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Why Do Dogs Eat Grass?

Many dogs love to eat grass, but why? In this blog post, we’re giving you the 411 on this bizarre behavior.

Written by Raquel Astacio. Published in February 2023.

Do you ever find yourself wondering, “why do dogs eat grass?” As pet parents, it can be confusing when we see our four-legged companions indulging in an activity that looks so unappetizing. After all, if your pup is getting enough nutrition from their food, then why the sudden need for a green snack?

Maybe your dog has been exhibiting signs of an upset tummy or is refusing to eat his regular food – could there be something more sinister at play? In this blog post, we will provide insight into the common phenomenon of grass-eating - what it means, why dogs do it, and how to prevent it from home.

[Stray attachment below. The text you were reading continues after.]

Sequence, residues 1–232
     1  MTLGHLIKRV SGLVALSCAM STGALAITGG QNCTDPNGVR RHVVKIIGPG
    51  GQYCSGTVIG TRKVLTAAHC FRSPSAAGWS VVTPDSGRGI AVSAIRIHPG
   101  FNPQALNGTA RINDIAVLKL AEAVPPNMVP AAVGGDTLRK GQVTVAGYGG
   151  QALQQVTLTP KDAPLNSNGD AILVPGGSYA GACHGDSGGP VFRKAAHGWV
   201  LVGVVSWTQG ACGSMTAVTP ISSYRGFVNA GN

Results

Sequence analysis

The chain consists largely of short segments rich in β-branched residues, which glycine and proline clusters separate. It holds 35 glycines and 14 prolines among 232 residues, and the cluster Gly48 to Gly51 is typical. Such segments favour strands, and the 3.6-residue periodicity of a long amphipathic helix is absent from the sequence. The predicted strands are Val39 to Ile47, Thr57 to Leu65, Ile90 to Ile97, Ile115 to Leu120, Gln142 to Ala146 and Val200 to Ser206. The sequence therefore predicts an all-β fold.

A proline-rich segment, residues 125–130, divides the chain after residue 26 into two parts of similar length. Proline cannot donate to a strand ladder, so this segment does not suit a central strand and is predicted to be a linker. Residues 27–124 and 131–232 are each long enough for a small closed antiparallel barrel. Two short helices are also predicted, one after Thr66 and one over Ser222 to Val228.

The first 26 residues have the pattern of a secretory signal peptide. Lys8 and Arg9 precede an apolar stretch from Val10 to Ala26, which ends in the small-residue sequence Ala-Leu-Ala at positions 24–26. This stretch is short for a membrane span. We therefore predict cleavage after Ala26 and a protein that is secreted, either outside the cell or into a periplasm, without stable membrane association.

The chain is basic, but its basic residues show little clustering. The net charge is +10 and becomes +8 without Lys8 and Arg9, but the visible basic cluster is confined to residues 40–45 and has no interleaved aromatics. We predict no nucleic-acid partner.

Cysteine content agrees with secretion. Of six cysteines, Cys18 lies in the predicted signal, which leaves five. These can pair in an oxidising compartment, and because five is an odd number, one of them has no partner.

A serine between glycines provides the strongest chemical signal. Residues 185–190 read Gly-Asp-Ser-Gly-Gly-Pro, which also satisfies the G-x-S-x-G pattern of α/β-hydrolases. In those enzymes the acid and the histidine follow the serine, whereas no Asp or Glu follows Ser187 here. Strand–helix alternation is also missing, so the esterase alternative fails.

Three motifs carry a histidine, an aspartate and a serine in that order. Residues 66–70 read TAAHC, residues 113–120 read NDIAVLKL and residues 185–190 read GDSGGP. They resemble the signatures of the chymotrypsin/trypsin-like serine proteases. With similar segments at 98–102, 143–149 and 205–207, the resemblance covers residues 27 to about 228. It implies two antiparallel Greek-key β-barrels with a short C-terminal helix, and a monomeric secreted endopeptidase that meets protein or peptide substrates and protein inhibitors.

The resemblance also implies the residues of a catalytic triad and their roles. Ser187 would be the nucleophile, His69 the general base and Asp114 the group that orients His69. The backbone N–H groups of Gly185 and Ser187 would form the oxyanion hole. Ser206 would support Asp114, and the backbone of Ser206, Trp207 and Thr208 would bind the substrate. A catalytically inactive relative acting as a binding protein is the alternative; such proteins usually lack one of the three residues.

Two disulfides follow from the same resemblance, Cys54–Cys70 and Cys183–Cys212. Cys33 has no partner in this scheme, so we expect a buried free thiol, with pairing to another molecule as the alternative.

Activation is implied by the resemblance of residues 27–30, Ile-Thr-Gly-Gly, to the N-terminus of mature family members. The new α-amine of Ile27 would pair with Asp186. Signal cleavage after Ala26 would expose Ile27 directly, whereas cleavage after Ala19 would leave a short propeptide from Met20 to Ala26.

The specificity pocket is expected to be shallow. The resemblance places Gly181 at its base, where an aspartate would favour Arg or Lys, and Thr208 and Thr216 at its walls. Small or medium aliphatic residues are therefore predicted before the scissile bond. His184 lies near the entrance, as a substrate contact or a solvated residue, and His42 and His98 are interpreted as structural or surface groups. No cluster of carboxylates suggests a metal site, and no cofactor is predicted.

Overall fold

Why Do Dogs Eat Grass?

There are many unproven theories out there about why dogs eat grass. While some view this unusual action as an attempt to soothe an upset tummy, others believe this behavior is instinctual or done to obtain more attention from the owner.

The truth is that no one really knows why dogs eat grass - or if there’s a reason at all! And unfortunately, because this is a topic with limited research, we may never know - but that won’t stop us from searching for answers! Below are some of the most popular, well-founded theories on why dogs eat grass.

Instinctual Behavior

This theory is founded on the belief that eating grass is an instinctual behavior based on thousands of years of evolution. Dogs are omnivores, meaning that their diet should consist of a healthy balance of both plants and meat. And we know that throughout history, dogs would scavenge for small pieces of vegetation (like grass) to supplement their diet - something that wolves and other species of “wild dog” still do to this day.